State-Owned Enterprises as Claimants in International Investment Arbitration

ICSID Review Foreign Investment Law Journal Vol. 31, Issue 1, 2016

14 Pages Posted: 29 Feb 2016 Last revised: 16 May 2019

See all articles by Mark Feldman

Mark Feldman

Peking University School of Transnational Law

Date Written: February 1, 2016

Abstract

Reflecting the significant amount of foreign investment by State-owned enterprises (SOEs), a number of claims against States by SOEs have been submitted to investor-State arbitration. Such claims raise the issue of whether, for purposes of determining standing as ‘investors’ in investment arbitration, tribunals should apply the same analysis to State-owned and privately owned corporations.

Existing bilateral investment treaties and investment chapters of free trade agreements, with only a few isolated exceptions, are available to SOEs as claimants, at least when acting in a commercial capacity. The more challenging questions concern, first, whether those agreements also are available to SOEs as claimants when acting in a governmental capacity and, second, if not, how to distinguish commercial from governmental conduct by SOEs. With respect to those two issues, this article recommends that decision-makers, first, look primarily to the applicable definition of ‘investor’ when determining whether treaty protections extend to sovereign conduct and, second, rely on well-developed customary international law attribution principles — which have been applied in a variety of settings when there is a need to determine the boundaries of sovereign conduct — to distinguish commercial from governmental conduct.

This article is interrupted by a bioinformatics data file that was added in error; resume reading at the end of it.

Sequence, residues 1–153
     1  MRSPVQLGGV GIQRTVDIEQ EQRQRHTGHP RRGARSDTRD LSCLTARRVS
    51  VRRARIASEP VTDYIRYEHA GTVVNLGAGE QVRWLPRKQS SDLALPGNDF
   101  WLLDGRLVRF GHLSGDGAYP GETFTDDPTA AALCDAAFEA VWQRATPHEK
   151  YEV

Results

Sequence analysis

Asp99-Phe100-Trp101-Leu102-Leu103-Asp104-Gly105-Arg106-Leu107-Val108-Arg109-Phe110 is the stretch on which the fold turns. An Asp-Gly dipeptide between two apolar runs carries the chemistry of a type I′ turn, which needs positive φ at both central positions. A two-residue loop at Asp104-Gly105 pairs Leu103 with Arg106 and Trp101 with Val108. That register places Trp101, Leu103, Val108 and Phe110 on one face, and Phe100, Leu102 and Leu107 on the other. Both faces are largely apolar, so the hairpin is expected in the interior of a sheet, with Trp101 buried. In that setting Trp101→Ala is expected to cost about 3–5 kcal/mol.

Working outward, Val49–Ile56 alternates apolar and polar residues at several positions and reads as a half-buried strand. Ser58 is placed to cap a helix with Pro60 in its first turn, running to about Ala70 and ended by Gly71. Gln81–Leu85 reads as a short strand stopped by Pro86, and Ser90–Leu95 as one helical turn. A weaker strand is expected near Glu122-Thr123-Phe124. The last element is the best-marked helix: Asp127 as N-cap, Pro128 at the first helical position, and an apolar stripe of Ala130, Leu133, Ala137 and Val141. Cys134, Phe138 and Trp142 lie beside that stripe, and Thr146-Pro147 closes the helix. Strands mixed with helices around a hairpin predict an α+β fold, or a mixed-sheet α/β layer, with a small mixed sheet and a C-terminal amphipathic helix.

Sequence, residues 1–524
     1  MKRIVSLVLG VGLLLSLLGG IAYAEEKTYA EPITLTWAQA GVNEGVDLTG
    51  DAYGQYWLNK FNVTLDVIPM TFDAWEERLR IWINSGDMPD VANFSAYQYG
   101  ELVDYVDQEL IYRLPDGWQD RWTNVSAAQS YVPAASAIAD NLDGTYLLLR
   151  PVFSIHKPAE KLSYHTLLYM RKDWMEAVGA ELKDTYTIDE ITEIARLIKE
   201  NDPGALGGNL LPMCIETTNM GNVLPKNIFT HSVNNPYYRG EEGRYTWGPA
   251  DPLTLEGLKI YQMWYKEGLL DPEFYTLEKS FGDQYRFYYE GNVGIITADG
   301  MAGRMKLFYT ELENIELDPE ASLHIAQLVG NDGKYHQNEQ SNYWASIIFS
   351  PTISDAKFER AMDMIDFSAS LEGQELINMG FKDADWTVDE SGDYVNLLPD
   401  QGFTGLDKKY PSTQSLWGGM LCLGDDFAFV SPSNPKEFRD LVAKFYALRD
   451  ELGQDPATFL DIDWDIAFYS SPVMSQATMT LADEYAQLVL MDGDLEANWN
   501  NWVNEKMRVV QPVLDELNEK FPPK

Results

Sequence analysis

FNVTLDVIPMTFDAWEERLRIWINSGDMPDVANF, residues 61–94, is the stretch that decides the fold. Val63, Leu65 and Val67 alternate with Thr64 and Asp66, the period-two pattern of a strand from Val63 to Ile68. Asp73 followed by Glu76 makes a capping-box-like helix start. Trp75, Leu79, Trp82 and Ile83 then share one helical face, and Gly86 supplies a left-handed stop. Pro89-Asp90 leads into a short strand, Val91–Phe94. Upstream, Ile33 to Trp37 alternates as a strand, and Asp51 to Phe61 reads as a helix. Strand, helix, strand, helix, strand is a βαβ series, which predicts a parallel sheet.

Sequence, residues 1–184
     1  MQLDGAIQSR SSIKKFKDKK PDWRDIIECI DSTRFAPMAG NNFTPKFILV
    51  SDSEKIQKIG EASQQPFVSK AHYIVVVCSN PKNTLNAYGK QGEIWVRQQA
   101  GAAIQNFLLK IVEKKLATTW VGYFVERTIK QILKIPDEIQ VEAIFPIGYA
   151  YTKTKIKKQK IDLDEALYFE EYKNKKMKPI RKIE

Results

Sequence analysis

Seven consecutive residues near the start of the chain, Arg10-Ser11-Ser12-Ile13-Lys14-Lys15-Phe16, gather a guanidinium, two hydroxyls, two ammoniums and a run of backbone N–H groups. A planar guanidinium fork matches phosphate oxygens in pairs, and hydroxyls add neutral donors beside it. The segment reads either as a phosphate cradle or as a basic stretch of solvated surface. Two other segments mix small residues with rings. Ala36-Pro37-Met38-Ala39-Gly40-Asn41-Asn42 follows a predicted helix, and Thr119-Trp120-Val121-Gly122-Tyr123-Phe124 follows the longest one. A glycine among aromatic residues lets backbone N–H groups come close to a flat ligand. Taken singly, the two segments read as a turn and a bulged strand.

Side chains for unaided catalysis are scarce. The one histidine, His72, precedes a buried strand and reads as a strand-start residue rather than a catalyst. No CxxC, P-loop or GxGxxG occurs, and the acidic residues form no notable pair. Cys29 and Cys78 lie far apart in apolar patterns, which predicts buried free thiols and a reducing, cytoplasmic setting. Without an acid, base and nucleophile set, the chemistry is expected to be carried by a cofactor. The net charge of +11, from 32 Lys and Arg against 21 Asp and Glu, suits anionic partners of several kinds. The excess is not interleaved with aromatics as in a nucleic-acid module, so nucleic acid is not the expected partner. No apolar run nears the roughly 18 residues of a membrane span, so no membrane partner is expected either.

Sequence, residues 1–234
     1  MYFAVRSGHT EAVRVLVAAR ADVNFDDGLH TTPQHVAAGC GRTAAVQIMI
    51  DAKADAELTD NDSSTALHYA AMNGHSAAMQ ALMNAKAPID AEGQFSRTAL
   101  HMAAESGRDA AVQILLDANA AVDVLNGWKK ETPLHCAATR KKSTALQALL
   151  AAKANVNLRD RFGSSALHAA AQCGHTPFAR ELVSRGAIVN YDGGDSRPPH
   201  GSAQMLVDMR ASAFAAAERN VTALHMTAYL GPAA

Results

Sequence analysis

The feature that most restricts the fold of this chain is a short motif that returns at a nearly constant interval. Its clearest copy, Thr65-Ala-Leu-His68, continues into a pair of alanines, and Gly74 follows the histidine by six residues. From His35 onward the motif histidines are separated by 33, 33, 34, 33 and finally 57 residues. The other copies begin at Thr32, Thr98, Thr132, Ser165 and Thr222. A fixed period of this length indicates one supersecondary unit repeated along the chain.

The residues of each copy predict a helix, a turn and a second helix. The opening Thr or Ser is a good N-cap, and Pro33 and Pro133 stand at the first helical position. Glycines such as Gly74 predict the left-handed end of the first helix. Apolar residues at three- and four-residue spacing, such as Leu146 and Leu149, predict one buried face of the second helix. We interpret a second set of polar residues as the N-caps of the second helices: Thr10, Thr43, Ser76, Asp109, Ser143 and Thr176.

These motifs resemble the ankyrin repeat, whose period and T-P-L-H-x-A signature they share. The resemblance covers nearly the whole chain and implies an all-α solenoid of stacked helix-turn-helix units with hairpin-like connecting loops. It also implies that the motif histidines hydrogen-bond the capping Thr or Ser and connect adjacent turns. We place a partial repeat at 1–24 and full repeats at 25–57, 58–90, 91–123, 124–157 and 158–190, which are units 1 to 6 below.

With respect to the Convention on the Settlement of Investment Disputes between States and Nationals of Other States (ICSID Convention) — which does not extend to State-to-State disputes, even in a subrogation context — this article recommends that decision-makers again look to customary international law attribution principles to distinguish between claims brought by SOEs in a commercial capacity (which can be submitted against States under the ICSID Convention) and a governmental capacity (which cannot be submitted against States under the ICSID Convention). Consistent with customary international law attribution principles, tribunals should consider not only the nature, but also the purpose, of an SOE’s activities when determining the boundaries of sovereign conduct.

Keywords: investment arbitration, investor-State arbitration, State-owned enterprises, SOEs, ICSID, investment treaties

JEL Classification: K33

Suggested Citation

Feldman, Mark, State-Owned Enterprises as Claimants in International Investment Arbitration (February 1, 2016). ICSID Review Foreign Investment Law Journal Vol. 31, Issue 1, 2016. Available at SSRN: https://ssrn.com/abstract=2739218

Mark Feldman (Contact Author)

Peking University School of Transnational Law ( email )

China

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